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Thread: Boy, Was I Wrong!

  1. #31
    Gadfly and Bon Vivant Mafke's Avatar
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    Quote Originally Posted by Rgirl
    Heyang
    Speaking of anatomy, Irina has slightly hyperflexed knees. She couldn't fully straighten them without breaking them. Nevertheless, it's true that Irina does not have an "A" level Biellman position. In the spins I'd give the position a "B" and in the spirals, a "C." However, her Biellman spins are very fast and go both forward and back, which is pretty groovy IMO.

    Now I realize the upcoming photo was taken in 1998, before Irina became an old married lady, without all the flexibility she had back then. But just for comparison's sake--since it's not going to change anybody's mind anyway--try this site and scroll down to the photo of Irina's Biellman.
    http://www.leigh-i-am.com/slute8.shtml

    Rgirl
    Random notes:
    True some skaters can do a classic Biellman, most can't, some can do an approximation. If anything I prefer Irina's spiral position Biellman to her spin, the position that she can get looks better in a spiral than a spin (for me, ymmv).

    This picture you linked to is a better position than the one I linked to, but still a B at best (maybe a B+) She's still not holding the blade with both hands, but with one hand and her hand holding her wrist and the position looks a little grotesque rather than graceful (the picture of Krieg I linked to is also a little grotesque with her head beant so far back)

    I'd harp less on Irina's Biellman position if she didn't use it so often, which she wouldn't of course if it wasn't valued so highly by COP (very mistakenly IMHO).

  2. #32
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    Quote Originally Posted by 76olympics
    Seriously, I only like the Bielmann when done by Krieg, Beilmann or Ruh. They have the true flexibility for it and it looks completely different when this new crop attempts it (let alone Plushenko!). There was a reason why only few once did this move!
    Daria Timoshenko was able to do a true Biellmann on both sides. I know Karademir of Turkey (who trains in Canada) can do one to one side, but I can't remember if she can to the other. Now, Yan Liu does a lovely one, at least sometimes.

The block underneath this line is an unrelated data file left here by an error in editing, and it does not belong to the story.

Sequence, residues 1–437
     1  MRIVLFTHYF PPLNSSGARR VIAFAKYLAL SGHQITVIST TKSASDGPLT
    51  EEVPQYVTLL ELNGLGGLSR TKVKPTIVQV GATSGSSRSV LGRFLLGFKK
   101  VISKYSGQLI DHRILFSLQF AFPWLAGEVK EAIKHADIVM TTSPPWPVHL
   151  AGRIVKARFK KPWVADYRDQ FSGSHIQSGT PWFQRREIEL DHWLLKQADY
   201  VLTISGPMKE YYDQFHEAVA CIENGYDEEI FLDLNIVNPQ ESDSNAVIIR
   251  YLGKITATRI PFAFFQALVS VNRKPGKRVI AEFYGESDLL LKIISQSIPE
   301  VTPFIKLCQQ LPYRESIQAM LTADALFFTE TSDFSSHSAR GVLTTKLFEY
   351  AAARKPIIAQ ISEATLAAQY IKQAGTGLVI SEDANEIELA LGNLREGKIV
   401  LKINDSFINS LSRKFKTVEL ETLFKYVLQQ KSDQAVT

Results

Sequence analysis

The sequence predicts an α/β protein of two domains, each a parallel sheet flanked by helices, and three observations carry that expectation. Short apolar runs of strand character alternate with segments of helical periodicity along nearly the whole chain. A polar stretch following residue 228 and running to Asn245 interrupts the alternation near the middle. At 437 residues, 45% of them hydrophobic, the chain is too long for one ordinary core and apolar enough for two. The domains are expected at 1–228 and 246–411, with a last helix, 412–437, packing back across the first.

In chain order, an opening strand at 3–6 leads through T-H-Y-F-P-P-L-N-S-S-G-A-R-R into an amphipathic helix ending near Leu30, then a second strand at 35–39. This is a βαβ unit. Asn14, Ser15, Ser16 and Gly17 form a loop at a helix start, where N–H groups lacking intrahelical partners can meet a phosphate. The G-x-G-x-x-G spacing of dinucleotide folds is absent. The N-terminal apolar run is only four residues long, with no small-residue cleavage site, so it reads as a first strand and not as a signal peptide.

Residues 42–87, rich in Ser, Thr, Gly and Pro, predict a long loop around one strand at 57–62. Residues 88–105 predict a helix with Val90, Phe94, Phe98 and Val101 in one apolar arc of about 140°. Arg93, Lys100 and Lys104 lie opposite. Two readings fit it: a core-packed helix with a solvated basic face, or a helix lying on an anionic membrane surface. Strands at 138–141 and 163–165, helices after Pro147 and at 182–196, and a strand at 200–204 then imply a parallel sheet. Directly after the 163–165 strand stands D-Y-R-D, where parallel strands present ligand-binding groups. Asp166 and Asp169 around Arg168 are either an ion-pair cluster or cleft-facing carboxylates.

3. #33
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    See this thread for links to some more Biellmanns:

    http://www.goldenskate.com/forum/sho...818#post130818

  4. #34
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    Apparenty, from the posts we've been reading, the Bielman spin can only be done by generic flexible bodies. My question to all you fans: Should skaters who do not have the generic flexible bodies discontinue competing since multiple Bielman positions bring in lots of scoring points and put others without that natural flexibility at a huge disadvantage? Remember, all skaters' bodies are equal in all elements except for the Bielman.

    It could be a way of eliminating a number of skaters from competitions.

    Joe
    Last edited by Joesitz; 11-23-2005 at 12:23 PM.

  5. #35
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    Not all skaters are genetically capable of doing a true spread eagle. Does that mean they should not be allowed to compete?

    (Well, it may mean they won't get chosen for the top synchro teams if enough skaters try out who can do all the moves the choreographers want.)

  6. #36
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    It reminds me of Ballanchine who changed the way little ballerinas are chosen for the company. He insisted on short torsos and long legs. Height was not a factor but the proportion of torso to legs was.

    A lot of little ballerinas are still crying because that body type is now in all the major ballet companies.

    Spread Eagles are not that point heavy. Are they?

    Joe

  7. #37
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    Spread eagles only count as transitions. Doing them into or out of jumps or spins may also increase the GOE of those elements.

    Biellmanns are one option out of many for difficult positions in spins and spirals. They do not by themselves increase point values, but they do contribute to higher levels and thus higher points for those elements.

    (For a change-foot combination spin, though, it's necessary to have more than one difficult position and more than one feature even to reach level 2, so just adding a Biellmann to a simple combo spin will still leave it as level 1.)

  8. #38
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    I don't think all skaters' bodies are equal for all other elements. Some of the pair throws are impossible to do with a heavier lady - that pesky little gravity gets in the way.

  9. #39
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    Quote Originally Posted by Joesitz
    It reminds me of Ballanchine who changed the way little ballerinas are chosen for the company. He insisted on short torsos and long legs. Height was not a factor but the proportion of torso to legs was

    Joe
    Suddenly, my weird obsession with Ballanchine becomes clear (besides the fact that Edward Gorey adored him and I adore Gorey.) Never heard it explained flat-out like that, but that's my body type to a t--I have in fact an unusually short torso (an inch off what standard clothing patterns say I should have, nape to waist) and very long legs for my height. And for whipping around some turns and twizzles (which I just basically taught myself) it's actually rather a plus. Ballanchine choreographed for bodies that I see as normal. Explains a heck of a lot.

    Can't do a Bielmann, though. Catchfoot spiral positions, yes, but my knees and hips simply don't bend that way.